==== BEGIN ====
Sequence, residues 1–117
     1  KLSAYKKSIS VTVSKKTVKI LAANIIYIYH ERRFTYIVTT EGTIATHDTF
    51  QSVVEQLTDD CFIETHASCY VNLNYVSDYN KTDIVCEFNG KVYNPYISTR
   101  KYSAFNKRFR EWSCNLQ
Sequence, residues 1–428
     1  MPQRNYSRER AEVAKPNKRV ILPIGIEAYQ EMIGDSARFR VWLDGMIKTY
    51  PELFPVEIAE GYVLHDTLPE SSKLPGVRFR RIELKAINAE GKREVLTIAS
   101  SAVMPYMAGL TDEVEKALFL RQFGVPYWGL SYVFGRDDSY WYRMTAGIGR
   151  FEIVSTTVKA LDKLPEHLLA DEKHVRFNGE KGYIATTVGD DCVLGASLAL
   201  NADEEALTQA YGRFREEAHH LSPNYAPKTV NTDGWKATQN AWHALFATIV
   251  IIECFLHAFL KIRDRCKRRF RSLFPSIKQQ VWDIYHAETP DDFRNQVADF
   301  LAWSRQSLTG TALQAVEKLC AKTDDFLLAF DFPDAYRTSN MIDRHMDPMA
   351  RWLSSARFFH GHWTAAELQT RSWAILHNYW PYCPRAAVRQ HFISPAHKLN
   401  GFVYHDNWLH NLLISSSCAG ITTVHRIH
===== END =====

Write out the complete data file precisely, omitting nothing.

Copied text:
Sequence, residues 1–117
     1  KLSAYKKSIS VTVSKKTVKI LAANIIYIYH ERRFTYIVTT EGTIATHDTF
    51  QSVVEQLTDD CFIETHASCY VNLNYVSDYN KTDIVCEFNG KVYNPYISTR
   101  KYSAFNKRFR EWSCNLQ
Sequence, residues 1–428
     1  MPQRNYSRER AEVAKPNKRV ILPIGIEAYQ EMIGDSARFR VWLDGMIKTY
    51  PELFPVEIAE GYVLHDTLPE SSKLPGVRFR RIELKAINAE GKREVLTIAS
   101  SAVMPYMAGL TDEVEKALFL RQFGVPYWGL SYVFGRDDSY WYRMTAGIGR
   151  FEIVSTTVKA LDKLPEHLLA DEKHVRFNGE KGYIATTVGD DCVLGASLAL
   201  NADEEALTQA YGRFREEAHH LSPNYAPKTV NTDGWKATQN AWHALFATIV
   251  IIECFLHAFL KIRDRCKRRF RSLFPSIKQQ VWDIYHAETP DDFRNQVADF
   301  LAWSRQSLTG TALQAVEKLC AKTDDFLLAF DFPDAYRTSN MIDRHMDPMA
   351  RWLSSARFFH GHWTAAELQT RSWAILHNYW PYCPRAAVRQ HFISPAHKLN
   401  GFVYHDNWLH NLLISSSCAG ITTVHRIH